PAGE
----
History of Spain: Muslim Era and the Reocupation by Christian Kings (8th-
Treatment of non-Muslims
Rise and fall of Muslim power
The etymology of the word “al-Andalus” is dispute. At least three specific etymologies have been proposed.
The name "Andalusia" or "Vandalusia" was traditionally believed to be derived from "Vandal" (the Germanic tribe that colonized parts of Iberia from 407 to 429), however, there is no historical reference to support this.
Another proposal is that "Andalus" isan Arabic language version of the name "Atlantis". This idea has recently been defended by the Spanish historian Vallvé, but purely on the grounds that it is allegedly plausible phonetically and would explain several toponymic facts (no historical evidence was offered). 
The third theory also rejecting the "Vandal" proposal, originated an innovative alternative. The points of departureancient reports that Germanic tribes in general were reported to have distributed conquered lands by having members draw lots, and that Iberia during the period of Visigothic rule was sometimes known to outsiders by a Latin name, Gothica Sors, whose meaning is 'lot Gothland'. However, the Gothic language version of the term Gothica Sors is not attested.
The propose was that *landahlauts (theasterisk is the standard symbol among linguists for a linguistic form that is merely proposed, not attested). Halm (who proposed this theory) then suggested that the hypothetical Gothic language term gave rise to both the attested Latin term, Gothica Sors (by translation of the meaning), and the Arabic name, Al-Andalus (by phonetic imitation). However, Halm did not offer evidence (historical orlinguistic) that any of the language developments in his argument had in fact occurred.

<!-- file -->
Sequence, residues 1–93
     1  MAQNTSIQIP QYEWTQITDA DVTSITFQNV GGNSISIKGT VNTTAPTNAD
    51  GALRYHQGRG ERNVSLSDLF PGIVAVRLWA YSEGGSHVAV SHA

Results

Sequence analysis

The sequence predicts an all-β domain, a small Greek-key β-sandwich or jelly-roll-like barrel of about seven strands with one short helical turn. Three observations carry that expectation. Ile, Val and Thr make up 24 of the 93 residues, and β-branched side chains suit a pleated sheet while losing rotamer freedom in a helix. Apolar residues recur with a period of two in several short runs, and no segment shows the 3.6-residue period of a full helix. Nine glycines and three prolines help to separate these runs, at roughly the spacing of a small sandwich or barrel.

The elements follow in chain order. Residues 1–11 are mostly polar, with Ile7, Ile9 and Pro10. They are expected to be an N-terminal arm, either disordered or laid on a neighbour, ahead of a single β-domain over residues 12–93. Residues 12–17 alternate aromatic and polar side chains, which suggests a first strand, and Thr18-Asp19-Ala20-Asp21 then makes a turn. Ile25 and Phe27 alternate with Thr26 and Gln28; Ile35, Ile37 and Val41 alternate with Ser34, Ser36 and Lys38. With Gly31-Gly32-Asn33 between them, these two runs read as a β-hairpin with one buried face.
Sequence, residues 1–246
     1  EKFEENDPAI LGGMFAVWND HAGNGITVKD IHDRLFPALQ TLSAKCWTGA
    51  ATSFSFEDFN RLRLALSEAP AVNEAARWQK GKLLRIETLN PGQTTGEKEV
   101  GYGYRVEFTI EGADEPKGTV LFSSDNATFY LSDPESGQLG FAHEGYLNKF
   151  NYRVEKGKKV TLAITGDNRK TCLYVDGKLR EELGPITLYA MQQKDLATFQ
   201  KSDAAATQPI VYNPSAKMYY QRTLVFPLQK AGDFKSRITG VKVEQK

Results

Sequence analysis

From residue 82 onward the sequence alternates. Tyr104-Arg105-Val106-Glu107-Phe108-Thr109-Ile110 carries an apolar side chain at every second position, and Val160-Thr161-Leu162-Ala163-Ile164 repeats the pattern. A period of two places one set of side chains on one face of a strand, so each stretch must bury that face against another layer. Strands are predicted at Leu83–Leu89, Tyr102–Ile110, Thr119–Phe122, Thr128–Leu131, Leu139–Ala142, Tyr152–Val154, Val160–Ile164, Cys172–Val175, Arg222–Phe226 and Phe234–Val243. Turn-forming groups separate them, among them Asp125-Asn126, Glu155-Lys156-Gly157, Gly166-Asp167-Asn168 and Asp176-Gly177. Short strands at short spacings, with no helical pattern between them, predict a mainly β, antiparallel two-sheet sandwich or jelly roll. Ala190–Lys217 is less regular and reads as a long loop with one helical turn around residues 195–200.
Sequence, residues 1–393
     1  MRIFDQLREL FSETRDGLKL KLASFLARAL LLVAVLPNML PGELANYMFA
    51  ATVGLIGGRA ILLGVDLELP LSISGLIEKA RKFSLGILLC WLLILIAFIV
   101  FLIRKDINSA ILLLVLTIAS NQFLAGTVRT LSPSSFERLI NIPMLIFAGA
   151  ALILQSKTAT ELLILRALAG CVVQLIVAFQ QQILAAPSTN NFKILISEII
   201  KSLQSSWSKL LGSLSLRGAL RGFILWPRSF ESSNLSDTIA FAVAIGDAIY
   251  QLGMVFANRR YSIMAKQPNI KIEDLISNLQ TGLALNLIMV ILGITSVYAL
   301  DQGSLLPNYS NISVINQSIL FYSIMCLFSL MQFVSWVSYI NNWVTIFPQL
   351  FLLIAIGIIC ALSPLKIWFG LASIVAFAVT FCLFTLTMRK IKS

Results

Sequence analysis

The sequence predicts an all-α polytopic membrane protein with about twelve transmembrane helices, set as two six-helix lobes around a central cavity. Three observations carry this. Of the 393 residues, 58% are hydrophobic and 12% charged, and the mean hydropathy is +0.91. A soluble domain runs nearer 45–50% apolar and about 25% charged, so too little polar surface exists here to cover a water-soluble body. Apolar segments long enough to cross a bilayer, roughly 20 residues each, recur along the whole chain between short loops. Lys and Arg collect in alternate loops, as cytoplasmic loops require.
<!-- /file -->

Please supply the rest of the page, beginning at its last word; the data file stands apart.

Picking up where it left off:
History of Spain: Muslim Era and the Reoccupation by Christian Kings (8th–15th centuries)
By 711 Arabs and Berbers had converted to Islam, which by the 8th century dominated all the north of Africa. A raiding party led by Tariq ibn-Ziyad was sent to intervene in a civil war in the Visigothic kingdoms in Iberia.Crossing the Strait of Gibraltar, it won a decisive victory in the summer of 711 when the Visigothic king Roderic was defeated and killed on July 19 at the Battle of Guadalete. Tariq's commander, Musa bin Nusair quickly crossed with substantial reinforcements, and by 718 the Muslims dominated most of the peninsula. The advance into Europe was stopped by the Franks under Charles Martel at the Battleof Tours in 732.
Caliph Al-Walid I paid great attention to the expansion of an organized military, building the strongest navy in the Umayyad era. It was this tactic that supported the ultimate expansion to Spain. Caliph Al-Walid I's reign is considered as the apex of Islamic power.
The rulers of Al-Andalus were granted the rank of Emir by the Umayyad CaliphAl-Walid I in Damascus. After theUmayyads were overthrown by the Abbasids, some of their remaining leaders escaped to Spain under the leadership of Abd-ar-rahman I who challenged the Abbasids by declaring Cordoba an independent emirate. Al-Andalus was rife with internal conflict between the Arab Umayyad rulers and the Visigoth-Roman Christian population.
The first navy of the Emirate was built after the humiliating Viking ascent ofthe Guadalquivir in 844 when they sacked Seville. In 942, pagan Magyars raided as far west as Al-Andalus.
In the 10th century Abd-ar-rahman III declared the Caliphate of Cordoba, effectively breaking all ties with the Egyptian and Syrian caliphs. The Caliphate was mostly concerned with maintaining its power base in North Africa, but these possessions eventually dwindled to the Ceuta province....